The Internet of Things is getting bigger by the day. According to Gartner, there will be nearly 26 billion IoT devices by 2020. As more things connect to the Internet, states are starting to tap the IoT to provide resources to their citizens. For example, the North Carolina Innovation Center — or iCenter, for short — plans to implement sensors in museums and aquariums throughout the state. Any visitor with an iPhone can walk through a museum and the device will share information about nearby exhibits, suggest other places to go in the museum or allow the visitor to buy something.
Maine is also experimenting with IoT. The state’s Marine Patrol agency is developing an app to monitor lobster fishers. The app will connect to devices placed on buoys to monitor where fishing boats are, and if a boat is fishing outside its zone, the state agency is alerted to take action.
Here are some other innovative uses of IoT that were presented at this year’s NASCIO conference:
Who’s Driving the Car?
There were over 33,000 people killed across the country in car crashes in 2012 as reported by the National Highway Traffic Safety Administration (NHTSA). Of those fatalities, 80 percent were caused by driver error. “A connected vehicle is enabling a vehicle to talk to another vehicle or the infrastructure around them,” says Kirk Steudle, Director of the Michigan Department of Transportation (MDOT). “If we take humans out of the element of driving, connected vehicles can save lives.”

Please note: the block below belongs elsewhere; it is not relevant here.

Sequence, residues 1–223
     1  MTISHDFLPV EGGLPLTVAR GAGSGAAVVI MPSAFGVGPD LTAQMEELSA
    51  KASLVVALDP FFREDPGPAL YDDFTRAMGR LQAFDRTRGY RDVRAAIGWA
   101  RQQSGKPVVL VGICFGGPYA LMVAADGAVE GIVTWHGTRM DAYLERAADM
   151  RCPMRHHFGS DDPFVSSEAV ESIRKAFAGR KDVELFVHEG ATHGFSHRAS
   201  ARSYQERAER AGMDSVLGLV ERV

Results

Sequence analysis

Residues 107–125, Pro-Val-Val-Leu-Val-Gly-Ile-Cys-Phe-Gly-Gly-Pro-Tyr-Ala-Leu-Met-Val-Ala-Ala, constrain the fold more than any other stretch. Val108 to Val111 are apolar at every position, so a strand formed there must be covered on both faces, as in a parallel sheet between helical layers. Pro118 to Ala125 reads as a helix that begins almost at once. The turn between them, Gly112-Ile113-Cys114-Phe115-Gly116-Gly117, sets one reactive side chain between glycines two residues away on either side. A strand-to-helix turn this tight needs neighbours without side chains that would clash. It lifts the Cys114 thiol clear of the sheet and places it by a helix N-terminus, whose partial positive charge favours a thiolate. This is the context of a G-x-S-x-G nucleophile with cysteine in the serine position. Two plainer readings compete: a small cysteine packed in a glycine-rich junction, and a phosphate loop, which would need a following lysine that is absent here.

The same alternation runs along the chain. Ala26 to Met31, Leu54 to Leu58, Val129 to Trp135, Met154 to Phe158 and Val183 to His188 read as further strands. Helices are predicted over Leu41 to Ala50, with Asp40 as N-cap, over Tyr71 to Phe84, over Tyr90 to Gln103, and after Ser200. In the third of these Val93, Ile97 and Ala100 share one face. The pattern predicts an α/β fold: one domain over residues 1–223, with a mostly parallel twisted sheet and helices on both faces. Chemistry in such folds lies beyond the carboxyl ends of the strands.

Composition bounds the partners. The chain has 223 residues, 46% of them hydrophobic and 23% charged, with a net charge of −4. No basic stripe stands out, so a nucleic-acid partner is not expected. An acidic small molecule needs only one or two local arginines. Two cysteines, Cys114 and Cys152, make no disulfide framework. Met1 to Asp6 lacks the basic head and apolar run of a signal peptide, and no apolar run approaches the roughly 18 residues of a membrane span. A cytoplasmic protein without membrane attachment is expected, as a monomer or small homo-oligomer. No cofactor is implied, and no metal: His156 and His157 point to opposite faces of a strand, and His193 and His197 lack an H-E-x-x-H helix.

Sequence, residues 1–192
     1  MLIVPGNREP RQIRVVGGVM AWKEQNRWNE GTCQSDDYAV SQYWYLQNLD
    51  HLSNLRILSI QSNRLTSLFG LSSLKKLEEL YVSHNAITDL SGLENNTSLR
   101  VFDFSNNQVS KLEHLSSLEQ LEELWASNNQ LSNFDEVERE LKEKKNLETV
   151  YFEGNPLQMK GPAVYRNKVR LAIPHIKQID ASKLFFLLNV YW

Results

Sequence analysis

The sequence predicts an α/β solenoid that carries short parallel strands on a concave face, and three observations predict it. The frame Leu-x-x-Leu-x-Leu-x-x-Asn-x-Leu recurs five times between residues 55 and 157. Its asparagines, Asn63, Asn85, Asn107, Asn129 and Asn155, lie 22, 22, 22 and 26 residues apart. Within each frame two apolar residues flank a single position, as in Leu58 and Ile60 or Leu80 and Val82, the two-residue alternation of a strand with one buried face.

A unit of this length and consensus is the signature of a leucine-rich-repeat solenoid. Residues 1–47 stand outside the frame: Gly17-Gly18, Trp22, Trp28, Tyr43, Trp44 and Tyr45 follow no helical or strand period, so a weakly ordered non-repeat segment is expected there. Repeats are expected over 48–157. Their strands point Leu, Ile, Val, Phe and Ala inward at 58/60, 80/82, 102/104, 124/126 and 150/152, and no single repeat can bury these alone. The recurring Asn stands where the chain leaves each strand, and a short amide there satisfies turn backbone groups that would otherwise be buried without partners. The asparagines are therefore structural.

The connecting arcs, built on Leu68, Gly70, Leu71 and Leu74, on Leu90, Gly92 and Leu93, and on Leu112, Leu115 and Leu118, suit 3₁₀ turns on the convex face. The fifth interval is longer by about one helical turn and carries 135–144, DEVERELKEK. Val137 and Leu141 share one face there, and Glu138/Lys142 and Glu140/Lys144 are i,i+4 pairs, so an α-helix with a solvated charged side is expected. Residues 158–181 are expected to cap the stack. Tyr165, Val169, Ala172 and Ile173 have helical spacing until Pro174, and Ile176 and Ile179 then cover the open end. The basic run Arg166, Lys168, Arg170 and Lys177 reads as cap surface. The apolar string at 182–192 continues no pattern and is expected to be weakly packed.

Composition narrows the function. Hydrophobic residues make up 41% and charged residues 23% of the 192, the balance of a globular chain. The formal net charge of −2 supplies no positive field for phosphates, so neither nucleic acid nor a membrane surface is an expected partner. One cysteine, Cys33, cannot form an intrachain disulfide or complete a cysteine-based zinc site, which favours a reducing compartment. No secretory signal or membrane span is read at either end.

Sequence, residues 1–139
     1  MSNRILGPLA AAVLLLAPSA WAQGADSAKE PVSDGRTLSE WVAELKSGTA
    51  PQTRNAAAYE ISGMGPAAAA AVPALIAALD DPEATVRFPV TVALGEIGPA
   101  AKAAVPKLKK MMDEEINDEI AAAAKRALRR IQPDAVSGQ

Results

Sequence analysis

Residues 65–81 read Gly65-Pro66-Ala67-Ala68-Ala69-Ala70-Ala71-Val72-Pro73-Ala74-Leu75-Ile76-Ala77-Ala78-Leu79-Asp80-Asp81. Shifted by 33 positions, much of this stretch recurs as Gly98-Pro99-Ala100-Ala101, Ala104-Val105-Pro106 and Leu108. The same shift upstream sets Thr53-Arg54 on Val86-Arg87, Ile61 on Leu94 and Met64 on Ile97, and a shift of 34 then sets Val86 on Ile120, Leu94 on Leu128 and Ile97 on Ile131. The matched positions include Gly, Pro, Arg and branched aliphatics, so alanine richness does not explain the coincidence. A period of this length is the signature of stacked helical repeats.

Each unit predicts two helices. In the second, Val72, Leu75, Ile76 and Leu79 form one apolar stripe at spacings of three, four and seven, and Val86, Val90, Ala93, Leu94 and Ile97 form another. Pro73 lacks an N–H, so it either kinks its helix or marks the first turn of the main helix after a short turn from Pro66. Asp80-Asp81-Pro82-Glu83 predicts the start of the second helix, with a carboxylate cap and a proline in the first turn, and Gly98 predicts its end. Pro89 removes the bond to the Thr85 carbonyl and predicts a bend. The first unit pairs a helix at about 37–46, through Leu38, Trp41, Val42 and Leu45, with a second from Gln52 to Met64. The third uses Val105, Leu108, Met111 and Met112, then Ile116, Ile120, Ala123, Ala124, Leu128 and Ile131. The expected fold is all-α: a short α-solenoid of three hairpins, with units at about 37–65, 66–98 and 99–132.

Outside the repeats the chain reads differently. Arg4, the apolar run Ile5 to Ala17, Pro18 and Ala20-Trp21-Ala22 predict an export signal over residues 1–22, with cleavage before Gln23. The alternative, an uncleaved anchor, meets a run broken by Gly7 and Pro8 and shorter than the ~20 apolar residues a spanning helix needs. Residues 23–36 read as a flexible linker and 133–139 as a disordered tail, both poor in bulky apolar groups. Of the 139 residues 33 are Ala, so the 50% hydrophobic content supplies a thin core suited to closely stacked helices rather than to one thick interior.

NHTSA will decide by the end of 2016 whether all cars manufactured must be connected vehicles. To prepare for this, MDOT, the University of Michigan and several automotive companies have teamed up to build a “smart corridor” along the major interstates around Detroit. This technology will enable connected vehicles to communicate with the road and each other about possible hazards so that drivers can slow down and be prepared for what’s ahead.
The commonwealth of Kentucky has 82 state-owned facilities and almost 14,000 employees. A year ago, when someone asked the Senate how much the state was paying for utilities, no one could answer. So the state is embarking on a project to find the answer. “The 10-year project, which will collect all the utility information into one place, will add 2,000,000 new IP addresses to import all the data collection needed to measure the utility usage,” says Dick Mink, Kentucky’s director of facility efficiency. Once it’s clear how much the state is spending on energy, officials can work with the utility companies to lower the bill. “Efficiencies achieved from these changes could reach 20 percent across the board, which translates to over $40 million annually in taxpayer value,” Mink says.
Warning: Dangerous Road Ahead
Utah has thousands of sensors connected to the IoT. As a mountainous state, it also has its fair share of snow and ice during winter. To help with monitoring road conditions throughout the state, the Utah Department of Transportation developed the Road Weather Information System (RWIS). UDOT monitors information from weather stations and provides the public with updated road conditions on their website. The agency also has developed a smartphone app that citizens can use to log in and report conditions that they are seeing on the roads. This info is fed into RWIS, making it a real-time source of information on road conditions for both citizens and the state, which uses the information to decide where to deploy snow plows. “The state’s Road Weather Information System has led to $2.2 million in savings for snow and ice activities and reduced car crashes by 39 percent,” says Utah Chief Technical Architect Robert Woolley.